# graph theory proof

• Apr 2nd 2010, 10:48 PM
myenemy
graph theory proof
Prove that if G is a graph with no cycles of even length, then every cycle in G is an induced subgraph of G.

any help would be great

thanks.
• Apr 4th 2010, 07:38 PM
wgunther
Suppose G has no cycles of even length. Let $H=\{ h_1,h_2,\ldots,h_n\}$ be a cycle of G (of odd length) and suppose it is not an induced subgraph of G (assume wlog that $h_i E_H h_{i+1}$ and $h_n E_H h_1$. Then there is some i, j (wlog i<j) such that $h_i E_G h_j$ but $\neg(h_i E_H h_j)$.

Consider the two cycles

$h_1\rightarrow \cdots\rightarrow h_i\rightarrow h_j\rightarrow h_{j+1}\rightarrow \cdots \rightarrow h_n\rightarrow h_1$

and

$h_i\rightarrow h_{i+1}\rightarrow \cdots\rightarrow h_{j-1}\rightarrow h_j\rightarrow h_i$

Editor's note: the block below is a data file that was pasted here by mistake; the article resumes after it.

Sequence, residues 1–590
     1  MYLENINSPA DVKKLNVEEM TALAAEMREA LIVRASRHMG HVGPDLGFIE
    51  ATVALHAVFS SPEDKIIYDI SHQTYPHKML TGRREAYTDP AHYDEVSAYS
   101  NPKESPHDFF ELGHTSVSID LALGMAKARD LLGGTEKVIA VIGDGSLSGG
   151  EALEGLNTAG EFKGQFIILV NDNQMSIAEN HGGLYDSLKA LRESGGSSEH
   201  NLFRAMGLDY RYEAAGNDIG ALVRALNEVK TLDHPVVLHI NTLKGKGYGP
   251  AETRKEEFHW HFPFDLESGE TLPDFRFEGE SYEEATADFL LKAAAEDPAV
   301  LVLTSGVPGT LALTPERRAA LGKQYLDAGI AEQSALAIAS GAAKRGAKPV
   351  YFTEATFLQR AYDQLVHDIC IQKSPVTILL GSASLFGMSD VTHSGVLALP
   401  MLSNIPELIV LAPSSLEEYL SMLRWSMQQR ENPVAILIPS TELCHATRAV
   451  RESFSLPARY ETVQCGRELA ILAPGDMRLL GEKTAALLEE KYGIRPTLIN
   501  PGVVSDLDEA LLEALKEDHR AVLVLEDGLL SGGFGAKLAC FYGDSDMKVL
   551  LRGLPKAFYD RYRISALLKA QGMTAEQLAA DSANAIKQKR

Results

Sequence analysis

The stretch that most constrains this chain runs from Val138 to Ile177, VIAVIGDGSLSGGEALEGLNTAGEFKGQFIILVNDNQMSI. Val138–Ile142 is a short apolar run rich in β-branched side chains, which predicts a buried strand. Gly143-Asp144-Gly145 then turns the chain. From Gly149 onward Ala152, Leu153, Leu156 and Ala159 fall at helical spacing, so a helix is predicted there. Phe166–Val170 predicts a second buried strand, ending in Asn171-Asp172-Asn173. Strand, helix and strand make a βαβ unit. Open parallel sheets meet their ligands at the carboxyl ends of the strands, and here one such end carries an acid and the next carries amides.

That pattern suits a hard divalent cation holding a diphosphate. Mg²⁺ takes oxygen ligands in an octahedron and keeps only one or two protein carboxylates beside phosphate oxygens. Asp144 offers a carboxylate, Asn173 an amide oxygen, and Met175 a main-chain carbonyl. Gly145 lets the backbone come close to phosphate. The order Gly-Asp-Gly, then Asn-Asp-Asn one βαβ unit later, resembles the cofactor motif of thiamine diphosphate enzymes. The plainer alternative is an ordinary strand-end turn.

A moment shows (and drawing a picture will help) that one of these has even length. Contradiction.
• Apr 5th 2010, 09:04 AM
myenemy
thanks for the reply wgunther, im kind of new to the world of graph theory, what do you mean by wlog?? and http://www.mathhelpforum.com/math-he...7143ba31-1.gif

i can see quite clearly that this statement is obviously true and can show it with a diagram but how to show proof of it in mathematical terms is where i get abit lost.
• Apr 5th 2010, 09:34 AM
wgunther
Wlog means without loss of generality. When I say E sub H I mean the edge relation on the graph H. It's pretty simple to prove from here. Count the number of vertices in each. One has n+j-i and the other is i-j. They sum to n. n is odd, thus one of the two is even